The need to prepare for an influenza pandemic has not yet sunk in, partly because disaster has not yet struck. But that good news could turn into very bad news if it leads to slacking off on necessary preparations today: although no one can predict when or how, a pandemic will occur for sure, and it will have implications far beyond its toll on human health.
Trumping all previous estimates, one German climatologist believes global sea levels could rise as much as 140 centimeters by the end of the century. That could mean catastrophic hurricanes and floods. But other experts discount the significance of the new model.
Recent discoveries related to avian flu could help control a possible future pandemic, but even as the global community and individual countries develop plans to combat the virus, experts say more work needs to be done.
Laurie Garrett, CFR senior fellow for global health, says the world is in a better position to handle a potential avian flu pandemic than it was two years ago. But she warns that we still don't have "a toolkit that can stop this virus from circulating" if it evolves to allow easy human-to-human transmission.
Sherry Cooper argues that the long-term economic effects of a pandemic could lead to considerable supply and demand effects. Loss of labour and trade would dominate the supply-side effect and social distancing and fear would increase the demand for essentials such as non-perishable food, water, medical supplies and health-care services, but reduce the demand for virtually everything else.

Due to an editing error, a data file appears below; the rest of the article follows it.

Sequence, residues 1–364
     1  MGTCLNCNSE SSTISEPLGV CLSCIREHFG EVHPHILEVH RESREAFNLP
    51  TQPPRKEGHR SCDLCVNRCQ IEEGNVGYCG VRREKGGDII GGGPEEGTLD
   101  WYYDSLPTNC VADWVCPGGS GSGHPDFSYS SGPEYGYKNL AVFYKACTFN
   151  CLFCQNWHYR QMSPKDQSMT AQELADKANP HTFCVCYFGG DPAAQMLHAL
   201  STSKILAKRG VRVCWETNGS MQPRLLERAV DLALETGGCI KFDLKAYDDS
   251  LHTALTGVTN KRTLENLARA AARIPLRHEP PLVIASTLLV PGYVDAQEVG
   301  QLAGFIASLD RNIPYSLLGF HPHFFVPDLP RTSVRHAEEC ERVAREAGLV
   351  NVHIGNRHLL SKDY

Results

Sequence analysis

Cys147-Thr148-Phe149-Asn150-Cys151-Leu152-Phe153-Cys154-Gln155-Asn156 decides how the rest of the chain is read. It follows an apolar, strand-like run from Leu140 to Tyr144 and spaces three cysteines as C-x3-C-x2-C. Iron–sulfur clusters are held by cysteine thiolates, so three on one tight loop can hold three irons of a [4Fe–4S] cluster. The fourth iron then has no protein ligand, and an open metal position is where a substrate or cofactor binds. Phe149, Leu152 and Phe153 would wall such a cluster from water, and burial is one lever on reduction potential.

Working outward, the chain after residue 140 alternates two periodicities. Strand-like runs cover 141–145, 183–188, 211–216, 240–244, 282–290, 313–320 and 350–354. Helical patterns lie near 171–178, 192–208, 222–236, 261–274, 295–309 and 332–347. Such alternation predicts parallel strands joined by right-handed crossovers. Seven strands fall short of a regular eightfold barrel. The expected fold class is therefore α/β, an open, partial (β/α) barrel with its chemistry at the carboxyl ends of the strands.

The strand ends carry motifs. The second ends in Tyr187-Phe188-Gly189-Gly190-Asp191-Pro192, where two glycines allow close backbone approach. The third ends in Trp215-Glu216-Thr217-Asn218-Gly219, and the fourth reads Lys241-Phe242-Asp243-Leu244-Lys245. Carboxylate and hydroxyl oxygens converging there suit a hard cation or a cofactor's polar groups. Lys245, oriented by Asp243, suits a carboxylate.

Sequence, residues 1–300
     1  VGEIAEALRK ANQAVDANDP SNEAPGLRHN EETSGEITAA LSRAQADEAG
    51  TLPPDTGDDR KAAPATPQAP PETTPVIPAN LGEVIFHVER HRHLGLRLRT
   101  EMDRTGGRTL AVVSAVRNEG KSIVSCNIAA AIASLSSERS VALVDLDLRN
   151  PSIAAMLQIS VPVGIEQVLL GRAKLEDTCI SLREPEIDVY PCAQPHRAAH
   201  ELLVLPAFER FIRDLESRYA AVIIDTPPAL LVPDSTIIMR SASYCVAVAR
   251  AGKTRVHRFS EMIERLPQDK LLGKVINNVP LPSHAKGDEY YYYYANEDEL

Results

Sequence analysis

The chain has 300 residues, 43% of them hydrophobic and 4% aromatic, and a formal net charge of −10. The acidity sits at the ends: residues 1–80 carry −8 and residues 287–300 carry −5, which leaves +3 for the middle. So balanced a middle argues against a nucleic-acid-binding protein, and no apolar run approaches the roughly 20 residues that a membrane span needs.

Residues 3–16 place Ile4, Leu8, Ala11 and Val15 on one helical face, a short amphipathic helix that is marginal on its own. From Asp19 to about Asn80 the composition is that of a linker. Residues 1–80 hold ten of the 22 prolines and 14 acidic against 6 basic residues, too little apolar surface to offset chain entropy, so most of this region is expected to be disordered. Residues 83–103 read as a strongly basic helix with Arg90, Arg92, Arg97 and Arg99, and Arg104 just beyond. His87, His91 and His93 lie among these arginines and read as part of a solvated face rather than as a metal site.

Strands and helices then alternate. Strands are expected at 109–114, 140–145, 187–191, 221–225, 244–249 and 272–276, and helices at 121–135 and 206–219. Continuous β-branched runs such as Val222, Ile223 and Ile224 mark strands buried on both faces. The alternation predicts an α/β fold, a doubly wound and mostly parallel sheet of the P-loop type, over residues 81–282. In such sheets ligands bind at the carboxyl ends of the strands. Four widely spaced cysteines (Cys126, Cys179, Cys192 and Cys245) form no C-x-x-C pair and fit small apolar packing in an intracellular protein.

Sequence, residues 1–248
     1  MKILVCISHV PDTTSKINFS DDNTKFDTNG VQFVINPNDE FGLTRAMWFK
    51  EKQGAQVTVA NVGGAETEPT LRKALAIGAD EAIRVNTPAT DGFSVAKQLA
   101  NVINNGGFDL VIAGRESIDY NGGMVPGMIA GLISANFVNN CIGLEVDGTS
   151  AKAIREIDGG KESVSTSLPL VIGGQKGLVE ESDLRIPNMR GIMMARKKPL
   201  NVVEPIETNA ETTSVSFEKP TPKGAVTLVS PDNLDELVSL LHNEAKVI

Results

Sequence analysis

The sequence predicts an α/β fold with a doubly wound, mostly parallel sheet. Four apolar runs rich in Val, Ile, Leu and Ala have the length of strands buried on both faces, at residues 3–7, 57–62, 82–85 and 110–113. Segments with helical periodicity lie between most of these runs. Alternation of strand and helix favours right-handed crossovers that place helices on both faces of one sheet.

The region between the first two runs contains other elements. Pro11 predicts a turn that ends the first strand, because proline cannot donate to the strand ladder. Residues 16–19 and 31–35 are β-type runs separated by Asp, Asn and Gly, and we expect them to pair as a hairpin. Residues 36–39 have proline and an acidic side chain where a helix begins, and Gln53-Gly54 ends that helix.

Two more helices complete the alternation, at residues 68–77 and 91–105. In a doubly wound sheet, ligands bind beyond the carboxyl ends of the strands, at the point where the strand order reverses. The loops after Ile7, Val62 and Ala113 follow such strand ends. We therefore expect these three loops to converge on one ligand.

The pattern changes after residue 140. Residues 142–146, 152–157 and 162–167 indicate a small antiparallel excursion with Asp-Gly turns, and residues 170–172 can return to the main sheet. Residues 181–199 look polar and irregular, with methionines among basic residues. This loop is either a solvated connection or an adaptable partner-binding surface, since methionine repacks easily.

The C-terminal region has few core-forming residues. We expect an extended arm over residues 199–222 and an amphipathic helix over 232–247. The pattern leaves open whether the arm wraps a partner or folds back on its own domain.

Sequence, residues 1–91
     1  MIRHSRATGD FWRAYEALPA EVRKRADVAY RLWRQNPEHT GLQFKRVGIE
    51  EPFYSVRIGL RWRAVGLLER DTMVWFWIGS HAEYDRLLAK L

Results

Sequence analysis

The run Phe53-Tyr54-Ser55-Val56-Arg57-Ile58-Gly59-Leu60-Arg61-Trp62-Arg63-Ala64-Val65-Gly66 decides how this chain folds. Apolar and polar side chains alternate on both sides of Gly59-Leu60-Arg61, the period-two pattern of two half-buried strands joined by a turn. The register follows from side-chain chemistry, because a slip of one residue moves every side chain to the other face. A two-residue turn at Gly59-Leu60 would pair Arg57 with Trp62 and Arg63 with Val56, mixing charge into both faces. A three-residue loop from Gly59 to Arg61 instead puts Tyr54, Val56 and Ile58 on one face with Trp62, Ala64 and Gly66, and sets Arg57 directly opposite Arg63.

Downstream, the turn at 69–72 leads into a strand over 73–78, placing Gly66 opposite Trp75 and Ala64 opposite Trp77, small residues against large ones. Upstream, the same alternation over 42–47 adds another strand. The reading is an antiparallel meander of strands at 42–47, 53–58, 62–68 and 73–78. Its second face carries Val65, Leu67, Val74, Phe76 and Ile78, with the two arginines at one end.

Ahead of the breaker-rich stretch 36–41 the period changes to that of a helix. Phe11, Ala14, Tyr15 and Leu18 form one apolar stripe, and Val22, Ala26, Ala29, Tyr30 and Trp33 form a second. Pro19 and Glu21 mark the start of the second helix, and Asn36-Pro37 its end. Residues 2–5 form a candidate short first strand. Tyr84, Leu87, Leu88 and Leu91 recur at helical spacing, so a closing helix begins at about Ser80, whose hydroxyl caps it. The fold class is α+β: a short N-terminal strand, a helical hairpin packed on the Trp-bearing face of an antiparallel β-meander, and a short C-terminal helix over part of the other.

AMR Research conducted a survey of multinational corporations to assess their readiness for a pandemic. Of the 207 companies surveyed, 43% have policies in place to analyze risk in the event of a pandemic, while another 49% have policies under evaluation.
This report by the IMF's Avian Flu Working Group posits that once the pandemic has run its course, economic activity should recover relatively quickly. Both consumption and average hours worked might even overshoot the pre-pandemic level temporarily.
The deadly H5N1 strain of the avian flu virus has now crept well into Europe—infecting birds in Greece, Bulgaria, Italy, Germany, Slovenia, Croatia, Austria, and Denmark—and now also threatens Africa. Experts are at a loss over how to best tackle what could be an imminent global pandemic.
The Council on Foreign Relations' David Rockefeller Studies Program—CFR's "think tank"—is home to more than seventy full-time, adjunct, and visiting scholars and practitioners (called "fellows"). Their expertise covers the world's major regions as well as the critical issues shaping today's global agenda. Download the printable CFR Experts Guide.
The authors argue that it is essential to begin working now to expand and establish rules and norms governing armed drones, thereby creating standards of behavior that other countries will be more likely to follow.
The author examines Pakistan's complex role in U.S. foreign policy and advocates for a two-pronged approach that works to quarantine threats while integrating Pakistan into the broader U.S. agenda in Asia.